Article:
oil & linen on canvas
61 x 71cm
Portraits of Protesters // Portreadau o Brotestwyr – solo exhibition at gallery/ten, Cardiff 3 April – 2 May 2015
Portraits of Protesters is a collection of 13 new paintings documenting welsh suffragists at the beginning of the twentieth century. As with her 2013 debut solo exhibition, Llygaid Hanes/History’s Eyes, the paintings emerge initially from a place of research and out of a sense of duty for the subjects. Jones seeks to expand the scope of traditional portraiture, constantly revisiting history and re-imagining a new, providing a deserved visual place for Welsh women.
To see the full digital catalogue go to – https://issuu.com/galleryten/docs/_portraits_of_protesters__seren_m_j/1?e=0
Although her subjects are imagined, each portrait is embedded in its time and loaded with historic references. Continuing Jones' long-standing interest in female historic figures, the details in which her subjects are adorned are extensive: from the clothing worn and the typical suffragist colours, to the treasured brooches identifying different factions and acting as trophies of imprisonment. These small yet significant details are all evidence of thorough archival research. The titles of the paintings are the names of Welsh suffragists – names found on registers, petitions and pamphlets – grounding the exhibition in a sense of history by representing those actual living protesters who gained the important vote. At the heart of this new body of work is a striking sense of responsibility to do justice to those women who fought to establish equality.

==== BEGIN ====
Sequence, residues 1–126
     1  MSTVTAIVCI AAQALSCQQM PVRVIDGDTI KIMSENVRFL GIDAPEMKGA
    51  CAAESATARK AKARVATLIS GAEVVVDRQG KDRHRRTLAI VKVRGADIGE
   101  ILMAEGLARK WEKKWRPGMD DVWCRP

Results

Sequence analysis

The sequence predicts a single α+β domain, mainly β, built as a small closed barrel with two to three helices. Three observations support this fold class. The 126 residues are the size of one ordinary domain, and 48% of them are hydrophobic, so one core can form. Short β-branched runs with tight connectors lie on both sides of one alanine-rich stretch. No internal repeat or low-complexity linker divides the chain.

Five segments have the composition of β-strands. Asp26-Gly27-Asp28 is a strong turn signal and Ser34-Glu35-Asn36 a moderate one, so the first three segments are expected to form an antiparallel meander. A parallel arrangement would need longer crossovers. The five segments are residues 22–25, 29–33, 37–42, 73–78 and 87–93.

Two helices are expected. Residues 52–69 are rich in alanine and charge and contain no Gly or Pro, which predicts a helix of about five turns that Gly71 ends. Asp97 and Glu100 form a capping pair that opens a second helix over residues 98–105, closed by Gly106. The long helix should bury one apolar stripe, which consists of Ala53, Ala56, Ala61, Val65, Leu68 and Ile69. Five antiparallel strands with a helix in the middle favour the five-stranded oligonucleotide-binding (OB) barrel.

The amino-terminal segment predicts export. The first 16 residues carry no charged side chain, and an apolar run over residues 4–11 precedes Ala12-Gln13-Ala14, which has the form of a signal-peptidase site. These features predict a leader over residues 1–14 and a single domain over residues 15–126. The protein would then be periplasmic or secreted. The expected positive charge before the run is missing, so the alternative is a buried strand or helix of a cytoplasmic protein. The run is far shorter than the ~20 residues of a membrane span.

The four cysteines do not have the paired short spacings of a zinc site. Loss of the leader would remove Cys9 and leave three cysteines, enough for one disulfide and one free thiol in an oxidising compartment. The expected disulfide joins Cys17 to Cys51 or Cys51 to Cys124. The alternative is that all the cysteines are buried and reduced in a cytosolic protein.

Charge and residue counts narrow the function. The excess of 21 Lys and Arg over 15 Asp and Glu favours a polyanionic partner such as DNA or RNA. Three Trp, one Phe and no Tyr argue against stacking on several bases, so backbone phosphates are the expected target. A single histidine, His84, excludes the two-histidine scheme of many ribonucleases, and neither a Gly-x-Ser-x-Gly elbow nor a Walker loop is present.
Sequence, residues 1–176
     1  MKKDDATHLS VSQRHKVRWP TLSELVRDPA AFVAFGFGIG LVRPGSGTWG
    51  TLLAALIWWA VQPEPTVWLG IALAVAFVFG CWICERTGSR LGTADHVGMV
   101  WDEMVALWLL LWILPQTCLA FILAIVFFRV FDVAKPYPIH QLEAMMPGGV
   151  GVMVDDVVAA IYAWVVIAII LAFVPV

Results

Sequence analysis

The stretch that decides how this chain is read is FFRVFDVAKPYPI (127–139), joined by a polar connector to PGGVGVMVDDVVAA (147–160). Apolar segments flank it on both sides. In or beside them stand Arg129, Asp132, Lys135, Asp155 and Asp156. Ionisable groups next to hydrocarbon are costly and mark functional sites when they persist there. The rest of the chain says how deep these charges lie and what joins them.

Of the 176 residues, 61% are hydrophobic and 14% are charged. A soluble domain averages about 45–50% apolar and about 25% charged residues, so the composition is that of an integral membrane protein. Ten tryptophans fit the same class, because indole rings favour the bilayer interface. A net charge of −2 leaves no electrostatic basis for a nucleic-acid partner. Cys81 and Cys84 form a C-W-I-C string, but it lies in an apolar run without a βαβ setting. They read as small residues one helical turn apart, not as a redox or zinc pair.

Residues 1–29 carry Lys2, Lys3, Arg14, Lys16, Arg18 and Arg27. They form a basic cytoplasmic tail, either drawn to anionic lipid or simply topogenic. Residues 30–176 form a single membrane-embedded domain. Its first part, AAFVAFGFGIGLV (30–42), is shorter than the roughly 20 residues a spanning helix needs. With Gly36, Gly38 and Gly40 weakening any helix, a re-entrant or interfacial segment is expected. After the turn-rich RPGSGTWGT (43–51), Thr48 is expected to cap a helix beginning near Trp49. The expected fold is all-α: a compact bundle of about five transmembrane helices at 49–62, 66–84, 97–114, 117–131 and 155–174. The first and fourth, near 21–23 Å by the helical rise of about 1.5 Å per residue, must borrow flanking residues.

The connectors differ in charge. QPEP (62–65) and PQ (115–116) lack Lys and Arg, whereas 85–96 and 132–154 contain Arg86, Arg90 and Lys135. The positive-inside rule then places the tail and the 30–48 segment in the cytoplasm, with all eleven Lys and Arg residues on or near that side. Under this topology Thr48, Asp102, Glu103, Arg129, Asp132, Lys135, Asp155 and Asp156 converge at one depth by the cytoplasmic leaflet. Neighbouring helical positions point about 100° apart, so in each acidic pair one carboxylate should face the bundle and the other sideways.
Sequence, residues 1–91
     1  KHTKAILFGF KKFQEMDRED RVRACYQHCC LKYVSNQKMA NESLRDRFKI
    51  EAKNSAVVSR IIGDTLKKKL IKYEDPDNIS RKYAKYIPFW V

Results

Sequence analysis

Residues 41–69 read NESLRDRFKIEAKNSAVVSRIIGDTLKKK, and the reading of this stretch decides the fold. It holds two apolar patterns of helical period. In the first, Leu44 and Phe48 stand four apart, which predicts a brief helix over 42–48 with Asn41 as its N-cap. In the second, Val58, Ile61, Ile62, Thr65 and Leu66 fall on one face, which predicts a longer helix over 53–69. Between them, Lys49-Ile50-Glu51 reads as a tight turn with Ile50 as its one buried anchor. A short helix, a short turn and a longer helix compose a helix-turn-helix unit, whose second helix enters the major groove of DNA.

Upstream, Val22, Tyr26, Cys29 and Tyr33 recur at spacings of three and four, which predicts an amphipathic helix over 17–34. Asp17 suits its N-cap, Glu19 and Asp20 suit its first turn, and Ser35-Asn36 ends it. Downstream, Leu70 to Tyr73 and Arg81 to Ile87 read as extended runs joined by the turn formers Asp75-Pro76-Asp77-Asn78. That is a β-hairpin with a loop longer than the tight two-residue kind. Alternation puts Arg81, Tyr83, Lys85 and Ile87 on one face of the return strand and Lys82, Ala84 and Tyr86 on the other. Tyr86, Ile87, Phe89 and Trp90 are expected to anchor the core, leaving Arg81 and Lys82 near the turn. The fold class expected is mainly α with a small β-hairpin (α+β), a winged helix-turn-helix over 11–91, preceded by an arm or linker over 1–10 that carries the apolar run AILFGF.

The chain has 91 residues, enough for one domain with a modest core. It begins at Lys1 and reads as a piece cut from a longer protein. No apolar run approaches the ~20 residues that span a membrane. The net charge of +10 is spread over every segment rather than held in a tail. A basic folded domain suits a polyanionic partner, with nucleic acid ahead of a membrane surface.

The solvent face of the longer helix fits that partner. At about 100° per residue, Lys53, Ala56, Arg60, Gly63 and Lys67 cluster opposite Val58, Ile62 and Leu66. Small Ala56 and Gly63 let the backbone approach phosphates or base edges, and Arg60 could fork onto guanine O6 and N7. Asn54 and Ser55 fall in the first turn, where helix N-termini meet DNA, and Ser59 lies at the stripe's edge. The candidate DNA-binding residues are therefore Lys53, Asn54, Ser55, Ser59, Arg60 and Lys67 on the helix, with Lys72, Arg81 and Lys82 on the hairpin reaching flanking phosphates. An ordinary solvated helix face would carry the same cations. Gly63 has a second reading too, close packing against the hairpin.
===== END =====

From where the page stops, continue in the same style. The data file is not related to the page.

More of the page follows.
‘These are strong, skillful and captivating paintings, which seamlessly blend the European painting tradition with the reality of our time; our history, politics and visual culture. they also provide insight into the artist’s own identity, not only through the personal elements she includes in her work, but through her sincere interest in women’s history: how women were treated and represented in the past. Using old visual traditions, she redresses some of the injustices of the past.’
- Mari Griffith, Art Historian [formerly of the National Gallery and Royal Academy, London]